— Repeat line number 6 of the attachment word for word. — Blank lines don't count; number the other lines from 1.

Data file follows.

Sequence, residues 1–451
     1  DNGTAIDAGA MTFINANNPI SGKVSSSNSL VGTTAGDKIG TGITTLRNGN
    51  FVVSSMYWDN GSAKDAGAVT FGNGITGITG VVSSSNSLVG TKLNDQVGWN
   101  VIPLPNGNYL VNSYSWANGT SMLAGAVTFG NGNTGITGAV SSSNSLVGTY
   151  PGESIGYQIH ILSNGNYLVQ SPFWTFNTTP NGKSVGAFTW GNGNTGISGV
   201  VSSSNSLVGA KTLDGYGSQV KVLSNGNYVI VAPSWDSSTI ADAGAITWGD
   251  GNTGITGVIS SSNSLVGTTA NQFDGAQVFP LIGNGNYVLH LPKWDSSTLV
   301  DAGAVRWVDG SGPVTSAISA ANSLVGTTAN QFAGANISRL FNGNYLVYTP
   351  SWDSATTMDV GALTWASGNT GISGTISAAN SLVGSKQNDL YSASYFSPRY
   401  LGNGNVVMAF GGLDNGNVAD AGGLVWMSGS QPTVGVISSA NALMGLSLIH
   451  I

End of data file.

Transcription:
   201  VSSSNSLVGA KTLDGYGSQV KVLSNGNYVI VAPSWDSSTI ADAGAITWGD